Program aims to match students to jobs
Published 12:00 am Saturday, December 11, 1999
The girl touched her finger to the jelly-like tongue of a dental model and watched the tongue jiggle up and down. Little did she know, but she may have just taken her first step toward a career in dentistry.
Or maybe not.
The McLaurin sixth-grader was among some 100 students who toured the Richard Fallin Career & Technology Center Thursday as the first activity funded under a new community Schools to Career grant.
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And whether or not the sixth-grader, or any of her classmates, chooses dentistry as a profession is not as important as exposing the youngsters to that option — and many others, say grant administrators.
The Natchez-Adams County Economic Development Authority received the four-year grant from the Mississippi Department of Education. Funding for the first year is $140,000, and EDA officials said the bulk of those funds will go towards exposing Natchez school children to career options — at an early age.
&uot;Students need to know at an earlier age what their career options are,&uot; said Kaye Harris, assistant dean of vocational technical education for Copiah-Lincoln Community College in Natchez, which is a partner in the grant.
&uot;There’s a lot of student who are untapped — who don’t got to universities or technical schools or work,&uot; she said.
Mississippi Department of Education statistics show that of the 24,502 high school graduates in Mississippi in 1998, 30 percent indicated they would not go on to either a four-year or two-year college.
Of that 30 percent, only 11 percent indicated they intended to attend a technical or business school.
The reality is that many students in Adams County will not go on to higher education, said Cynthia Parker, who has been hired to administer the grant, said, and they must prepare to make a living.
&uot;We really want children to understand that they have career options,&uot; Parker said.
Laura A. Williams, a Career Center technician at Natchez High School, works with students to evaluate and choose a career.
&uot;Once students graduate, we aren’t able to track which students go on to college and which go to work,&uot; Williams said.
Regardless of which choice a student makes, Williams said, the student’s primary concern in the end is earning capability.
&uot;They usually say ‘I thought of a career, how much would I make?’&uot; Williams said.
But the information they need to make informed choices includes exposure to different career options and possibilities, and that is what the grant aims to do.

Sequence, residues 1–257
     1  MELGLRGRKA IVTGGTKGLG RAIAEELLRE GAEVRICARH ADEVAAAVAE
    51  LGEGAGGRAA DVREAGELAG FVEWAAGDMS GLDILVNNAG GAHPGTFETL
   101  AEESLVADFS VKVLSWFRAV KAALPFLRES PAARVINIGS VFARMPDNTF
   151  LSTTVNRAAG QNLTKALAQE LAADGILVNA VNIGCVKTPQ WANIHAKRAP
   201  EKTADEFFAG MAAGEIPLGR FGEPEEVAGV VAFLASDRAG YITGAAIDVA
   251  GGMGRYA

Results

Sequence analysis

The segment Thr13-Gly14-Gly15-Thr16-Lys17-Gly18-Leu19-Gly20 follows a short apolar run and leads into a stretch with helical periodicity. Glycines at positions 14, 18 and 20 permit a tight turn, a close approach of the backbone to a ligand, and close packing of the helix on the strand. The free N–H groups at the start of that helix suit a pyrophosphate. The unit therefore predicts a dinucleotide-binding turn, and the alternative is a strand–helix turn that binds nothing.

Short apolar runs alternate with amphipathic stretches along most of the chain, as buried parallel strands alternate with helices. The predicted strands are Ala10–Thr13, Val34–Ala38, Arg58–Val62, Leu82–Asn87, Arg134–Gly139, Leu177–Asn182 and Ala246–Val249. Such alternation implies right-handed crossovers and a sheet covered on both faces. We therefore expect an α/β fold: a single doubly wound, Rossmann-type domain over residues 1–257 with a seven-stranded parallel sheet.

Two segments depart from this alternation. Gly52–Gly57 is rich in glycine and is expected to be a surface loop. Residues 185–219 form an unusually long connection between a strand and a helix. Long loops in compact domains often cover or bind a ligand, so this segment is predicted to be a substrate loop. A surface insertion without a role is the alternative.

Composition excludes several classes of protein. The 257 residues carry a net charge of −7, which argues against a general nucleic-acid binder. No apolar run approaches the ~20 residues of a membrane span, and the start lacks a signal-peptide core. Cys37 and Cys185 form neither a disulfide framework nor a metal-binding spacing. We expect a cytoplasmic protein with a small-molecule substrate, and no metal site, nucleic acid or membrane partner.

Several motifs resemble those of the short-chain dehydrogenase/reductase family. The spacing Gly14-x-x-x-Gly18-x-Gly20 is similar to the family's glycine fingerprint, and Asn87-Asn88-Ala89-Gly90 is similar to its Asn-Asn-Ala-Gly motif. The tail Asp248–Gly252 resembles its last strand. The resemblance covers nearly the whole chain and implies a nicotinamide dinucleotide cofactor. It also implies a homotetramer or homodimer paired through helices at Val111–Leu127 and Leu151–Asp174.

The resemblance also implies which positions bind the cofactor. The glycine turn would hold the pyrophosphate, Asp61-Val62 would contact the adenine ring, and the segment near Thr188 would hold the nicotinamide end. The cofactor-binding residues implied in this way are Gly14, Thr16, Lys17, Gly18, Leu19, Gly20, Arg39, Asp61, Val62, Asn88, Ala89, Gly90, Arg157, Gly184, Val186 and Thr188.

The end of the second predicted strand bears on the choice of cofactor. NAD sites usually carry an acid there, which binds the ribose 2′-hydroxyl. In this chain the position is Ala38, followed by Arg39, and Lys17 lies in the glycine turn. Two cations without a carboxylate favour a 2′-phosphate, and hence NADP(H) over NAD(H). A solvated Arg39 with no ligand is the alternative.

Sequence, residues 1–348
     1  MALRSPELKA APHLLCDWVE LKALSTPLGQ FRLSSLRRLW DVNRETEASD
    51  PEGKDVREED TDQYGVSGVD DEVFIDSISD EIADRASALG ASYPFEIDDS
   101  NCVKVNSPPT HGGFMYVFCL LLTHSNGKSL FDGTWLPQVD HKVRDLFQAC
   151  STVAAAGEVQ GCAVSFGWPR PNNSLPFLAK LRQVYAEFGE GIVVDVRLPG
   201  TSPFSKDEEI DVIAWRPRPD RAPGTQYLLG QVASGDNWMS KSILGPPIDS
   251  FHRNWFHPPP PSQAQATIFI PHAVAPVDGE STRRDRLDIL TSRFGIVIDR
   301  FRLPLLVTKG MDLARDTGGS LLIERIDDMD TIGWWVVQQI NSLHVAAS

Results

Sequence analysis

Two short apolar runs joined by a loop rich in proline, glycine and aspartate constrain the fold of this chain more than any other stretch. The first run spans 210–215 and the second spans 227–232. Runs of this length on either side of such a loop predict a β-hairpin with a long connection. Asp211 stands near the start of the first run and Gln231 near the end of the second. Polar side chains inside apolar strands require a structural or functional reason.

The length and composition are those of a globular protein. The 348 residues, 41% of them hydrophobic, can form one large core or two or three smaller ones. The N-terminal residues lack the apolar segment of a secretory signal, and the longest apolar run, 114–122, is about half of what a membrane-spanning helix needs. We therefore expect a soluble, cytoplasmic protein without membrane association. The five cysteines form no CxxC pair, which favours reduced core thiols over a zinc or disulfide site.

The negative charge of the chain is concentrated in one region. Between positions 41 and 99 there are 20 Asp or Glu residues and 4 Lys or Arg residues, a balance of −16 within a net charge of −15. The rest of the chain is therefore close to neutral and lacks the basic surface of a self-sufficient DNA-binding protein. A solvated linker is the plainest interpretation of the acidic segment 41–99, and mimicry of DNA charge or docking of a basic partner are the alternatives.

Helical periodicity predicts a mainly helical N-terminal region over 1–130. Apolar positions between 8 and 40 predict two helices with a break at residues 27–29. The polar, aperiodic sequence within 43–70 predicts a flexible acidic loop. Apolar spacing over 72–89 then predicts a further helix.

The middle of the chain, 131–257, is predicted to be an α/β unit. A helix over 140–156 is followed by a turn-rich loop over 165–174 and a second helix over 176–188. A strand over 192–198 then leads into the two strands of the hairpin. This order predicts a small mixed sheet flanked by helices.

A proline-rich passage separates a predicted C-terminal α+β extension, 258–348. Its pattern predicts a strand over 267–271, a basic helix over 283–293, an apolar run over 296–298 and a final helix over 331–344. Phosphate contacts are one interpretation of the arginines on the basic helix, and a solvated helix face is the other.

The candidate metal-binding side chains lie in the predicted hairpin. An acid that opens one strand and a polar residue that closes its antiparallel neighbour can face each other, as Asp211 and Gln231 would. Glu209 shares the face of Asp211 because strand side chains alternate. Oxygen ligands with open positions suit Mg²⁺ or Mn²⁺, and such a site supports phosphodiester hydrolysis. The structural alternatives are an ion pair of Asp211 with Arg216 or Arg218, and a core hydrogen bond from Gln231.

When Romeo Gonzalez, 12, toured the Fallin Center, the McLaurin sixth-grader with an interest in auto mechanics began to think ahead to his career.
&uot;It was cool,&uot; he said. &uot;I liked the computer that you can design cars on.&uot;
But more than just an exposure to some of the more technical aspects of the career field, Gonzalez and the other students got a bit of a life lesson from instructor Frank Dungan.
&uot;Every year, I have 135 applicants to this program and I can only take on 30 students,&uot; he said.
&uot;It’s just like the working world: An employer is going to look at your attitude, attendance and performance.&uot;
Dungan said he looks at students’ discipline reports first when considering which students to take in his class.
&uot;The school discipline report equates to attitude on the job,&uot; he said.
Dungan said school attendance equates to dependability on the job just as grades in school is telling for job performance later in life.
What students do now, Dungan told the children, indicates how successful they may eventually be in their chosen career.
It’s that mix of exposure and real-life advice that employers say makes the grant program so appealing.
The Schools to Career grant will help tremendously in the recruitment of industry to the Natchez area, said Wally Kirk, president of the Natchez-Adams County EDA.
&uot;If you’re a major industry and you’re looking for a place to locate, there are certain things you’re going to look for,&uot; he said.
One of the top quality of life issues that any industrial search team will seek out is education, Kirk said.
&uot;They will look to see if the community is making progress in education,&uot; he said.
&uot;We’re very excited about it,&uot; Harris said of the program. As assistant dean of Co-Lin’s vocational-technical program, she has seen first-hand the importance of career training options.
Mississippi is fortunate to have a community college system to meet some of the educational needs of the state, she said.
&uot;You’ve got to have at least a two-year training program of some sort to get a job now,&uot; Harris said.
As one of only 23 communities in Mississippi to receive grants, Natchez stands to benefit from the program. In the following three years, the EDA&160;anticipates School to Career funding at the $80,000 – $90,000 per year level.
&uot;We’ll officially kick-off the program in January, but we’re beginning some activities in December since our funding came through the last week in November,&uot; said Winnie Kaiser, community development director for the EDA.
Parker said the grant application outlines an ambitious schedule of career-oriented curriculum and special activities for school aged children in Adams County.
Programs under the grant apply to grades K-12 in both public and private schools.